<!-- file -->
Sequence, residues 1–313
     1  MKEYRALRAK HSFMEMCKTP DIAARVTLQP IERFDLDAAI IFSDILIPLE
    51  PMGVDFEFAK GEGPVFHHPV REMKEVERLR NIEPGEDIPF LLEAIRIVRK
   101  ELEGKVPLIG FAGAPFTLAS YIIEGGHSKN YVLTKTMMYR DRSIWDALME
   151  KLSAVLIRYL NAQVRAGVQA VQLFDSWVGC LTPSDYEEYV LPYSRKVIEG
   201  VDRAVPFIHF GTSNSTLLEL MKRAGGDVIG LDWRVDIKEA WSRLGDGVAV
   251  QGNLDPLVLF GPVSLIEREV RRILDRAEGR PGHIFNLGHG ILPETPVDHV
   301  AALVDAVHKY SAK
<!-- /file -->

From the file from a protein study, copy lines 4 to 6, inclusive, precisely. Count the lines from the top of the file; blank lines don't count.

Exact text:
   101  ELEGKVPLIG FAGAPFTLAS YIIEGGHSKN YVLTKTMMYR DRSIWDALME
   151  KLSAVLIRYL NAQVRAGVQA VQLFDSWVGC LTPSDYEEYV LPYSRKVIEG
   201  VDRAVPFIHF GTSNSTLLEL MKRAGGDVIG LDWRVDIKEA WSRLGDGVAV